“The West’s embrace of dictators like Gaddafi exposes the real face of capitalist foreign policy – supporting dictators and despots in the Muslim world whose sole policy is to oppress, torture and kill political opponents, whilst ranting on about democracy at home,” the statement added.

Now, everything seems to be in a great mess. On the one hand, the US, France and Italy have sent representatives to hold talks with the men of Gaddafi to ensure him that he will not be prosecuted or forced out of country should he hand over power to the transitional council peacefully. On the other hand, the NATO-led forces are continuing their air-strikes on the unarmed civilians of Libya on a daily basis, killing innocent people with brutality while troops loyal to Gaddafi are doing the same and killing the innocent civilians and revolutionary forces. Also, we are witnessing the double standards of the West regarding Libya’s crisis.

Who is really taking the side of the truth and honesty in this turmoil? Who is really right and who is wrong? This is something which only history can tell.

Kourosh Ziabari

Kourosh Ziabari

Kourosh Ziabari is an award-winning Iranian journalist, writer and media correspondent. He represents Fair Observer and Your Middle East in Iran. He also conducts interviews and writes commentaries for the Iran Review news and analysis website as a staff writer and reporter. His articles and interviews have been published on Tehran Times, Press TV, International Policy Digest, Foreign Policy Journal, Global Research, Turkish Weekly Journal, Strategic Culture Foundation, Al-Arabiya, Counterpunch, Voltaire Network, Baltimore Chronicle and Opinion Maker. He currently blogs for The Huffington Post and writes op-eds for the UK-based Middle East Eye. In 2009, while an undergraduate student of English Language and Literature, he was selected to represent the Middle East students in the International Student Energy Summit 2009 in Calgary, Canada. Kourosh Ziabari is working with Gateway House: Indian Council on Global Relations as an Iran analyst. He has conducted interviews with some 380 prominent world leaders, politicians, diplomats, UN officials, academicians, public intellectuals, authors, media personalities, journalists and historians. Kourosh Ziabari is the winner of the silver medal at the National Festival of Superior Iranian Youth. He has won three awards in Iran's National Press Festival and also been a member of the European Association for the Teaching of Academic Writing. He was a member of Stony Brook Independent magazine's editorial board and a member of the Kenya-based World Student Community for Sustainable Development. In June 2015, he received a fellowship from Deutsche Welle / European Youth Press to attend and cover the Global Media Forum 2015 in the German city of Bonn. In August 2015, he was named by the Hawaii-based East-West Center as a Senior Journalists Seminar Fellow 2015 to travel to the United States, Malaysia and Pakistan for a reporting and dialog tour aimed at bridging the gaps in the relations between the United States and the Muslim world. He is also a recipient of the Gabriel Garcia Marquez Fellowship in Cultural Journalism awarded to him in November 2015 by the FNPI foundation in Colombia.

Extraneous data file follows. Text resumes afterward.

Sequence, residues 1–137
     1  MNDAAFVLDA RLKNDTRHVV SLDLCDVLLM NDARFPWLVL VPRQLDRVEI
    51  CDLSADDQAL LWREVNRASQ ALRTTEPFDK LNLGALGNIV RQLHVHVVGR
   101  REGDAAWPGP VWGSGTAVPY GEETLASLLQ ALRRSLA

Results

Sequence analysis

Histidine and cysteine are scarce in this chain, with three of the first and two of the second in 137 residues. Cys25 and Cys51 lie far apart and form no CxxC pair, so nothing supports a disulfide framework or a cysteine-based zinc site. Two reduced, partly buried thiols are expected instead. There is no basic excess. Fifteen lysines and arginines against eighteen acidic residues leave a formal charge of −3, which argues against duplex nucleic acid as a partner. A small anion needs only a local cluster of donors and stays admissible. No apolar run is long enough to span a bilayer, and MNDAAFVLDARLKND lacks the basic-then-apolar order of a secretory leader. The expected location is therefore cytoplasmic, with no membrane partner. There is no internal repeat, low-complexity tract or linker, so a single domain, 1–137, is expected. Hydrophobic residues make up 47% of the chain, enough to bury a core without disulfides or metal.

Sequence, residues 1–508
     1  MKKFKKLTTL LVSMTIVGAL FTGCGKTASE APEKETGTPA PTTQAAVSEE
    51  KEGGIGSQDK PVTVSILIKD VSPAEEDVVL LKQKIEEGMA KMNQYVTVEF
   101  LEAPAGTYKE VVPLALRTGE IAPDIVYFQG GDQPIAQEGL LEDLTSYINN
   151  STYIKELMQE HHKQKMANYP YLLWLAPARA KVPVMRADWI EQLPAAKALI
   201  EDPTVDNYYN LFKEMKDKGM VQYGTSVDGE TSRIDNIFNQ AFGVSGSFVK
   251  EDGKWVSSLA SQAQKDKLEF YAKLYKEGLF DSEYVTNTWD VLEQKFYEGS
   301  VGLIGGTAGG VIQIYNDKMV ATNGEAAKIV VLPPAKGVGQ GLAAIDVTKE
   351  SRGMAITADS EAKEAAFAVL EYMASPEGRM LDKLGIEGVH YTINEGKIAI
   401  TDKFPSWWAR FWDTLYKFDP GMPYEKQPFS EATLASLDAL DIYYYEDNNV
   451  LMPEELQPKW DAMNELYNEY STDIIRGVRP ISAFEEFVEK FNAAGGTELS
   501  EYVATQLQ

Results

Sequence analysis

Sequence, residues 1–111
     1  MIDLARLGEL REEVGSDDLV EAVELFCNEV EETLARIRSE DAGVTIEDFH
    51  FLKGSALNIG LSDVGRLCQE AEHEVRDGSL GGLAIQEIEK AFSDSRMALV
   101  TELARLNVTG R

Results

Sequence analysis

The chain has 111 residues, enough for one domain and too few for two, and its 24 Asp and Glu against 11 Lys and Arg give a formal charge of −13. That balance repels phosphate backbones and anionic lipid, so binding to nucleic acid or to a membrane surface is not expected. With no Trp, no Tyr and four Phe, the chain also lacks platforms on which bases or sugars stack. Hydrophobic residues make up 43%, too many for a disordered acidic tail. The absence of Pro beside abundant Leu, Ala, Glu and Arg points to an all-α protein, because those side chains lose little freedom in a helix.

Leave a Reply

Your email address will not be published. Required fields are marked *

This site uses Akismet to reduce spam. Learn how your comment data is processed.